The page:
Levy: Going forward, are there any new positions you can announce today?
Levy: More broadly, this is more of a philosophical question about the nature of activism, do you get the sense that activism has changed? Is it any different today in this raging bull market?
Ackman: I don’t know that it has. Look, I’ll point out the following which I think is something that isn’t well understood. Activism isn’t about winning proxy contests. It’s about making money for investors by getting companies that aren’t achieving their potential to achieve their potential.
Activism isn’t about winning proxy contests. It’s about making money for investors by getting companies that aren’t achieving their potential to achieve their potential.
Proxy contests are one of the tools in the activist tool kit to motivate a company. We used that tool here, we were forced to, it wasn’t our first choice. But we were forced to.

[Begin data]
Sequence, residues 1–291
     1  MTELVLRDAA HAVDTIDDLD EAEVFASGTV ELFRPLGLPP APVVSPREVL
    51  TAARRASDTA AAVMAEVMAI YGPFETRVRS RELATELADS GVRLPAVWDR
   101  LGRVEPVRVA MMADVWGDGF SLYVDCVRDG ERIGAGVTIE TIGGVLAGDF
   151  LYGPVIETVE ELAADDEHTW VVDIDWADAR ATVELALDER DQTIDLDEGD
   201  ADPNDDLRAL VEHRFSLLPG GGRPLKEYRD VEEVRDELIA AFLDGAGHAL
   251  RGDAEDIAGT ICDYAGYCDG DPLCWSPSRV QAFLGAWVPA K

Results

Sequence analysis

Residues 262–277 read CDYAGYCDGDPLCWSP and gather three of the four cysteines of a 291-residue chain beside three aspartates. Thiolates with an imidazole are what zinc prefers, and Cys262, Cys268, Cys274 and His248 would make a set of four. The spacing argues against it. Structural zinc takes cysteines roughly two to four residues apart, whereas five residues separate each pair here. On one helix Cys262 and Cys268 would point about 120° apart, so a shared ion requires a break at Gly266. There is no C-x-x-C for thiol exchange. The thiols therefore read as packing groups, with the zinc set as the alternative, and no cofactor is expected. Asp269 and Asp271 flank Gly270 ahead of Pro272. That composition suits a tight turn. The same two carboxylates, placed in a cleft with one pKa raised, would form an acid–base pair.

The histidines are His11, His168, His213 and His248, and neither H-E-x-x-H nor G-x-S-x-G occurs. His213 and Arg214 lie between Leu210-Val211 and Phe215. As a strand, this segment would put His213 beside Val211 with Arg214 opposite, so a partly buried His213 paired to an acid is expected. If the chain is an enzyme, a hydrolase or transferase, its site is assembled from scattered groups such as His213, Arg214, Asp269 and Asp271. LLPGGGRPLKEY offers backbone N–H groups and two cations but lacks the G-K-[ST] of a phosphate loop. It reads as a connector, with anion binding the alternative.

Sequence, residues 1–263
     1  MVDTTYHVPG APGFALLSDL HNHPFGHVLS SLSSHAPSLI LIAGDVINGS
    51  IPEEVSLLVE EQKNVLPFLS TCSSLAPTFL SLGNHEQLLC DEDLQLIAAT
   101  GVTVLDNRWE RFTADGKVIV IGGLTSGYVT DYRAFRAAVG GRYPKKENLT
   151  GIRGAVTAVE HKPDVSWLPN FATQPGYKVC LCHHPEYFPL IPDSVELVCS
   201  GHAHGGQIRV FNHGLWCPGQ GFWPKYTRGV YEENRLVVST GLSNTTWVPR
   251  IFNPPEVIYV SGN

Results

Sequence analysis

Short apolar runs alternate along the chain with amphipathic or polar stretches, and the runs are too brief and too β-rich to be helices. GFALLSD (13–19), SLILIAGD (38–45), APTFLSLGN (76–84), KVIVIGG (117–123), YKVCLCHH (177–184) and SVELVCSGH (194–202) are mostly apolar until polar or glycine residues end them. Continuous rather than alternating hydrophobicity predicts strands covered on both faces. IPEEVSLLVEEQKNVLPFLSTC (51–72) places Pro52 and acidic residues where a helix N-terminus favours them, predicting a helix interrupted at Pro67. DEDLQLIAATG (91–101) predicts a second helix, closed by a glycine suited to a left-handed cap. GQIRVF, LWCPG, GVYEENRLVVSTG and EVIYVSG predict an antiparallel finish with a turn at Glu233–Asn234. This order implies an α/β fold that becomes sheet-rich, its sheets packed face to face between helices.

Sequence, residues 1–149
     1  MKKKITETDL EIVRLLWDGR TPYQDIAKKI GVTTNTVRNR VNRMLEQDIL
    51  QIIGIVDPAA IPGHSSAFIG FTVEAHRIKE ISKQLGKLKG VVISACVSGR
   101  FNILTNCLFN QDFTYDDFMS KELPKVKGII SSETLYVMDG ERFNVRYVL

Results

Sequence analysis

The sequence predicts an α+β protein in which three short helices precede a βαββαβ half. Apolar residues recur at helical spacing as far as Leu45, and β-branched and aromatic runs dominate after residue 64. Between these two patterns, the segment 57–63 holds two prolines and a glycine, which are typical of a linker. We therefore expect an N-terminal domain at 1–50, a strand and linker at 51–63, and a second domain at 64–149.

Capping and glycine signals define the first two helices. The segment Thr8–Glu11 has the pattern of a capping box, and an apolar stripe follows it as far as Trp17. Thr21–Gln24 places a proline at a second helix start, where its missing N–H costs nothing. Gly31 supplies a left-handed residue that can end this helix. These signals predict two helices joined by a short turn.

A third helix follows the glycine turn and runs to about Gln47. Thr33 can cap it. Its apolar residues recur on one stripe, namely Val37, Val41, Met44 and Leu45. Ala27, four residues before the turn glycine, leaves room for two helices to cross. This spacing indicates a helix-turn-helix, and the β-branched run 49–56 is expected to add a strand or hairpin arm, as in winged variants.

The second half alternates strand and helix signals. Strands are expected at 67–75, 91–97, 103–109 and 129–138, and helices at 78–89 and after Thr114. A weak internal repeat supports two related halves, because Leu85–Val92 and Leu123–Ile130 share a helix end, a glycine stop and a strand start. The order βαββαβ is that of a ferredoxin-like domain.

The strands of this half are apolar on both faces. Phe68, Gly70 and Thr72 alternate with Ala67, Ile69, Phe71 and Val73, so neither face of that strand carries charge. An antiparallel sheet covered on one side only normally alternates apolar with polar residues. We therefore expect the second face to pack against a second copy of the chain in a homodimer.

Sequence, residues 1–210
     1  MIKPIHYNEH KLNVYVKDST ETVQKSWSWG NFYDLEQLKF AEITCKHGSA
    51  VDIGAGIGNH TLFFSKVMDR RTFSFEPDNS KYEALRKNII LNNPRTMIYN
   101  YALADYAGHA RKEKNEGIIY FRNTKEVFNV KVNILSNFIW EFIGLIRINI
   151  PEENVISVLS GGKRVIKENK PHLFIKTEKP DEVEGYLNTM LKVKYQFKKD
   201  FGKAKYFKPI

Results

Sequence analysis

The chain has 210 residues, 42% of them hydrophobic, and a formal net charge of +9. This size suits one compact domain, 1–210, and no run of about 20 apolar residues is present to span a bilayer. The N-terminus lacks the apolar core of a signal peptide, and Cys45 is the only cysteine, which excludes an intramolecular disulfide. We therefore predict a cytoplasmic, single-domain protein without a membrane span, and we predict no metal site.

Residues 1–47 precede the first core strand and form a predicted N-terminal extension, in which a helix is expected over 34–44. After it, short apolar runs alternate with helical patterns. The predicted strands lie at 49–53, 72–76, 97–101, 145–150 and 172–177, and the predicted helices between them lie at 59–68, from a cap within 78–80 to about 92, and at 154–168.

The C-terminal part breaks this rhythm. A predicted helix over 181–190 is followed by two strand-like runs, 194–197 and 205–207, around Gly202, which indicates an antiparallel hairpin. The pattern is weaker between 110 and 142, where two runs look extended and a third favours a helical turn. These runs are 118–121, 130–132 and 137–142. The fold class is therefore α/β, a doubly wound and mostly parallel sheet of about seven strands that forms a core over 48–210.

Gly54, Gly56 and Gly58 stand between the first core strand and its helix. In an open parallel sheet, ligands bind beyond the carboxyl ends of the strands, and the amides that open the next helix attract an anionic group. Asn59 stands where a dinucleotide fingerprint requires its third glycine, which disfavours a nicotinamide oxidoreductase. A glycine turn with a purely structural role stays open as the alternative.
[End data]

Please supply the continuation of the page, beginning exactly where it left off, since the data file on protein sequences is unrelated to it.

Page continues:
It has had the intended effect, OK? The ADP management team and board are going to be very motivated over the next nine months to deliver for shareholders. They know they have a major owner of the company who is watching everything they’re doing and they have a much more educated shareholder base.
So it’s a completely different company today and that’s what creates an interesting opportunity.
Levy: With stock market highs as they are, does that make it harder to win support from investors?
Ackman: No. I think the facts are specific to every company. We were always viewed as underdogs here because ADP stock has done well. The fact that we got 31% support of shareholders, not including the 14%, shareholders that voted against Eric Fast to support me, is a very powerful indication.
By the way, we also got the support of the second largest shareholder of the company.
Levy: Was that BlackRock or Vanguard?
- Thomson Reuters
Levy: More generally, back to this broader question, do you think activists wield the same power when the market is this high?
Ackman: If activists have good ideas, they will get one of two things, they will get support from shareholders or companies will be pushed to address the issues that an activist identifies.
Levy So essentially, yes, they should have the same power they had previously.
Ackman: Bear in mind, ADP is the second biggest company ever for an activist to take a position in.
Levy: Right. What is the significance of that?